Are You Hip to Your Hips?


Sitting is THE biggest problem for us because it bends both 

the hips and at the knees at opposing right angles, which:


  • lengthens and weakens the front leg muscles  

  • shortens and tightens the rear hamstrings



These muscle imbalances force the low back - which should be an inward banana-shaped curve when standing - to collapse into an opposite, outward curve. Now the pelvis tucks under, and we end up sitting  - slouching - with our weight directly on the hip joints instead of on our pelvic “sit bones.”


It’s bad enough that this position compresses our low back and discs and blows out our core muscles, but the hip joints aren’t built to take the brunt of our weight while sitting, and degenerative changes can very quickly ruin those joints. The pain, stiffness, and motion loss can become so serious, the only option is hip replacement surgery.



In the last decade, the number of hip arthroplasties (replacements) more than doubled, from 138,700 in 2000 to 310,800 in 2010 ...a 55% increase. But it's much worse in the younger demographic:  it jumped by 205% in those aged 45 to 54! Why? Because they've spent much more of their lives sitting.  Sadly, all the data projects it to trend even younger over the next decade. 



Unlike a bear that can rear up on their two hind legs once in a while, humans are true bipeds that rely on a unique set of pelvic, hip, and legs muscles to balance ourselves as we ambulate - the scientific word for walking upright.


Walking is technically a controlled falling forward;​ and if not for the remarkably coordinated movements that keep us balanced, we would tip over every time we tried to take a step.


But observe the gait of the average middle-aged person and you’ll see the stilted, unstable, stiff hip movements that are result of years of sitting. In that condition, a person can easily take a bad fall. And that can be very serious, especially for the elderly; the physical damage alone can be life-changing, but the emotional damage regarding their own vulnerability and loss of mobility can be devastating.  A simple trip on a rug or stairs can do it, because - due to hip stiffness - they’ve lost the ability to recover their balance when they start to fall.



Of course, nobody thinks about their hips when they’re young: Run? Stand? Hop? Squat? Jump up? Jump down?

Bound up the stairs two at a time? Climb a hill? No problem! Plop down on the floor cross-legged?

Get right up again? Of course!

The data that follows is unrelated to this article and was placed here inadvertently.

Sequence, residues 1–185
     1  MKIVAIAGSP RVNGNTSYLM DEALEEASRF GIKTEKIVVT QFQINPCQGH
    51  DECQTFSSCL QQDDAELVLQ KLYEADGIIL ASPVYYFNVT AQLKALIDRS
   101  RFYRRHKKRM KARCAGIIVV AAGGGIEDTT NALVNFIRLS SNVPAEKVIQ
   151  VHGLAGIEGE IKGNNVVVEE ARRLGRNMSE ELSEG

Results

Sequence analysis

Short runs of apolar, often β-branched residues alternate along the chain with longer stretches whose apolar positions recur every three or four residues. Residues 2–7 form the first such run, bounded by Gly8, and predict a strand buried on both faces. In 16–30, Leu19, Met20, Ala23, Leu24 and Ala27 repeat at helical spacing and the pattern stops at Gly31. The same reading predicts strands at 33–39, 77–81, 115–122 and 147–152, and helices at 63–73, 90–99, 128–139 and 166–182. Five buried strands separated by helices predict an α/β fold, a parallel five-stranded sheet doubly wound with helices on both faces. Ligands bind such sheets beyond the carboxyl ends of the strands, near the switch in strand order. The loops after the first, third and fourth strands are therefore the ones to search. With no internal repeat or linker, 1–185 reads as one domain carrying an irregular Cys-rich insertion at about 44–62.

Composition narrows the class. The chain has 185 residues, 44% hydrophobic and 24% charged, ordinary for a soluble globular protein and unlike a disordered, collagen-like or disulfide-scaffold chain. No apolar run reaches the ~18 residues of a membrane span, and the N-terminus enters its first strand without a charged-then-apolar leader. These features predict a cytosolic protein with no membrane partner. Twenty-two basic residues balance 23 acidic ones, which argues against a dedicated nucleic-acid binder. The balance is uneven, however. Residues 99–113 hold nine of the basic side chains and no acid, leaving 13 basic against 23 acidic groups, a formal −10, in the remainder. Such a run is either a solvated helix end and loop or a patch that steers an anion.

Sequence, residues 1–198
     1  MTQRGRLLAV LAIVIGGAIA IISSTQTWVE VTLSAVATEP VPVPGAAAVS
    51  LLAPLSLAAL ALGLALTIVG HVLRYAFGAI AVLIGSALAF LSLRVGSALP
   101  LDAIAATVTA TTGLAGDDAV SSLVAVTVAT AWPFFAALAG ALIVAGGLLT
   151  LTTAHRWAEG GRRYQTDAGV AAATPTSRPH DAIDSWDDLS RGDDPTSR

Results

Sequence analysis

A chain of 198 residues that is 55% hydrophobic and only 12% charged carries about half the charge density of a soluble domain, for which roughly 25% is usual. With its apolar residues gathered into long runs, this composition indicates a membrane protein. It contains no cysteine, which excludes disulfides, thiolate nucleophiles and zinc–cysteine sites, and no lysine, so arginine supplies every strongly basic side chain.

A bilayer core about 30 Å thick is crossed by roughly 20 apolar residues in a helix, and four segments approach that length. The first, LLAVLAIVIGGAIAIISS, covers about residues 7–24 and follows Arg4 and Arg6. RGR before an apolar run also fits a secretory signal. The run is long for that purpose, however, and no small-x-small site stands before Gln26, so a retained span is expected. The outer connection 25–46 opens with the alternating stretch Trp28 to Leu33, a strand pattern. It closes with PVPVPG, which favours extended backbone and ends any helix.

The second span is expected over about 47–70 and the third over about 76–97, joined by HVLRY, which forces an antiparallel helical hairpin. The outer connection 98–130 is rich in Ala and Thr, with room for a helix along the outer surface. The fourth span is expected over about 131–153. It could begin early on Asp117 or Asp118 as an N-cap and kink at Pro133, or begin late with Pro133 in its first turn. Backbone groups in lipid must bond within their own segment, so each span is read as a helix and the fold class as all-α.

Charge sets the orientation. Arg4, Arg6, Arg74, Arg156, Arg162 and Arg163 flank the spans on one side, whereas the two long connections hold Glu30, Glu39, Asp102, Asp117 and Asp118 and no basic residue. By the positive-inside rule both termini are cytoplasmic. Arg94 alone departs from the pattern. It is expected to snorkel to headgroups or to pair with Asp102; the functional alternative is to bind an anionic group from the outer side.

But over time, and especially now with the huge amount of sitting we do’s a different story. At first, it may be just some feeling of tightness in the hips and knees when rising out of a chair. Then going down stairs feels less stable. Squatting may become so uncomfortable to the point where it’s not attempted anymore. And this is happening younger and younger now. 


The fact is, many of the most common complaints I see as a Chiropractor - such as low back pain and stiffness, sciatica, back spasms - often start from the hips becoming stiff and damaged from sitting and lack-of-use.


So ….what to do? Get regular Chiropractic Care for a start. Without that, your structure will stay in a state of DIS-ease. Plus, I teach 3 simple and easy HIP STRETCHES to each of my Practice Members within the first few visits. Here's a great one:






When's the last time you were on the floor? As kids, we spent a huge amount of time

there, and yet many adults don’t even think of it as they get older. I get on the floor

every day. We have a big “Little Nomad” mat, but a simple carpet or yoga mat will do.


I start by simply lying flat on my back, stretching my hands above my head, flattening and pinning both shoulder blades flat to the floor. I breath deep, and reach up with my arms, fingers pointing and fully extending and locking the elbows, and also locking the knees and pointing the feet so I’m at maximum length. I take three deep breaths, then relax into the floor.


Then I work into some variations of these types of stretches and movements:













*WARNING: be aware that if you have any pets, they will always think it’s their time to play with them. DO!


But the main thing is to listen to your body. Reconnect with how your body talks to you, the language it uses; stiffness, ease, tightness, pain, release ...these are what you must listen to and then use them a guide to move, stretch, elongate, tighten, etc to reach and rehabilitate those areas in need.

So, no matter what your age, preventing damaging falls by keeping this entire apparatus in good working order is a MUST.













Have questions? E-mail me. Need help? Make an Appointment below!

I really hate to even have to write that research shows that a sedentary lifestyle with too much sitting leads to increased: 

  • diabetes

  • obesity

  • several types of cancers

  • cardiovascular disease

  • incidence of strokes


Sitting also:

  • decreases energy

  • burns almost no calories

  • atrophies muscle tone

  • wrecks our posture

  • decreases blood flow

  • increases blood sugar levels

  • slows the metabolism


Using a straight edge as a guide (tennis racket, broom handle) hold it so that the it touches: 

1) base of the skull, 2) between shoulder blades 3) tailbone. 

Then bend at the waist keeping contact with all three points. You may not get very far, but "stick" with it! 

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